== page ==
Some people say they’ve been “born again” spiritually. Recently, I was “born again” emotionally. I can’t tell you how great it feels. Well, actually I can. But before you can be born again, your old nature has to die. I hit bottom the night I was sitting alone in my basement watching the White Sox. I had no life and was concerned whether the fans behind home plate were enjoying the game. 

My emotional problems started in childhood. Kids from big families can become starved for attention. My parents could be harsh in disciplining me. I asked for it, though, because I was the only kid in the family who rebelled. I defied my parents, even though my siblings wished I would back down.

I carried this behavior to the classroom. I was constantly in trouble and received poor grades. I also alienated my fellow students. They didn’t find my antics entertaining because sometimes I got the whole class in trouble.

Meanwhile, I was overdosing on Catholicism, a faith that can shame its followers. (As an adult, I OD’d on Calvinism, which was even worse in the shame department). Plus, I was growing up in a shaky family business, not knowing when we would see the next check. Financial insecurity can be stressful for a kid. 

Working in a family business has another downside. Weekends, holidays and evenings didn’t exist. Work was all-important. If we were asked to do a job on Christmas Eve, we did it. We became grinders. We didn’t pay attention to seasons, we just ground our way through. 

Another trap was being a middle child. I became a people-pleaser. I let people bully me. My needs came after the needs of others. Then there’s the nature of detective work, the most co-dependent profession I know. I hate the term “co-dependent” but can’t find a better word to describe it. We go to extraordinary lengths to complete difficult, sometimes dangerous assignments.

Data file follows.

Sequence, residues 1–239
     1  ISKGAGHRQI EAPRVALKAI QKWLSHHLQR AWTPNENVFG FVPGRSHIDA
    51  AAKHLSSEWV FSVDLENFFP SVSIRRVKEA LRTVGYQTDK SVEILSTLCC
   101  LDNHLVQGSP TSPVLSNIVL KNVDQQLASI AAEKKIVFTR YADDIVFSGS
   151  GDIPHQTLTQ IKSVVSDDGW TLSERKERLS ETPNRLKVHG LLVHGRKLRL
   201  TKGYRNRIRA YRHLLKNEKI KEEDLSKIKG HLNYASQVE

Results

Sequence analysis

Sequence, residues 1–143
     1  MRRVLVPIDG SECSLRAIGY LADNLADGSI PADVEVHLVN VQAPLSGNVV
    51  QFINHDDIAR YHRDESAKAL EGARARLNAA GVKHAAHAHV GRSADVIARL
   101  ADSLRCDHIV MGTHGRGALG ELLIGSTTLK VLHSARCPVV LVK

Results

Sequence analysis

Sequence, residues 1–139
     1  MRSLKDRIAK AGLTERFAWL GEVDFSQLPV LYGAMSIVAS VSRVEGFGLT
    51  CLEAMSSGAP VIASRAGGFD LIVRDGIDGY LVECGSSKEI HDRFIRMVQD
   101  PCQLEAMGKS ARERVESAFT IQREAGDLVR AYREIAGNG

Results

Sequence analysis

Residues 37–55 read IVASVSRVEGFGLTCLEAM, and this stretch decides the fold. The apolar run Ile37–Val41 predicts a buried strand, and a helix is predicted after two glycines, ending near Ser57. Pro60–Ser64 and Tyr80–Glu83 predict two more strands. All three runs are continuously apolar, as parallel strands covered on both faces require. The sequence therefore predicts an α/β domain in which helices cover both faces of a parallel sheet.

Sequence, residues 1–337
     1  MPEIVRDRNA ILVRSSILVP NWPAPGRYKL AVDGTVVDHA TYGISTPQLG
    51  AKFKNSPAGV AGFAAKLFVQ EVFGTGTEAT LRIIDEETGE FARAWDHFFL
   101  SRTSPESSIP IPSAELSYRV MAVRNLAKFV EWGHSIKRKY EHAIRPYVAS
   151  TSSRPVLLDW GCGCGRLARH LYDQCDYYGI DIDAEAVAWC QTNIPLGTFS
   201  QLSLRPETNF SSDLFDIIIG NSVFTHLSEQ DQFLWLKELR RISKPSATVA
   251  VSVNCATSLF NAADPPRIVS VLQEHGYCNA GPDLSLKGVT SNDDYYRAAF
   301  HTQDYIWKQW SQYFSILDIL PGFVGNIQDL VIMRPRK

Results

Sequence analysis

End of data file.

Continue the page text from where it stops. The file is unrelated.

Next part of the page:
I used to tell my workers not to get out of the car if they were uncomfortable. I always got out of the car. I felt that completing the assignment was more important than my personal safety. Crazy! I was good at detective work, though, and started to make some real money.

Money can mask many problems. I felt I had overcome my rocky childhood. We were never rich but we were comfortable. We could afford family vacations, trips to Europe and season tickets to the symphony. We didn’t think twice about eating out. I felt like a good provider for my family.

All of that disappeared about 11 years ago. Through no fault of my own, I lost several jobs I loved. I lost 75% of my income. I went from averaging 15 detective assignments a month to 30 for the entire year. I was no longer bringing home the bacon but I could fry it in the pan. I took on cleaning and cooking. I even did the laundry until my wife stopped me.

I changed from a fun-loving Irishman into a miserly Dutchman. My wife and I reversed roles. She became the breadwinner and turned into the happy-go-lucky Irish person. I shifted into survival mode, grinding harder than ever. I stopped going out and spent my evenings watching mindless TV.

I’m telling you all of this, because many people have suffered the same setbacks that I have — or worse. 

Next week, I want to get to the good part — the rebirth — and how I got here. But I have to stop for now. 

The Sox game is starting. 

John Rice is a columnist/private detective, who has seen his business and family thrive in Forest Park. He thoroughly enjoys life in the village and still gets a thrill smelling Red Hots, watching softball and strolling through cemeteries.

John Rice

John Rice is a columnist/novelist who has seen his family thrive in Forest Park. He has published two books set in the village: The Ghost of Cleopatra and The Doll with the Sad Face.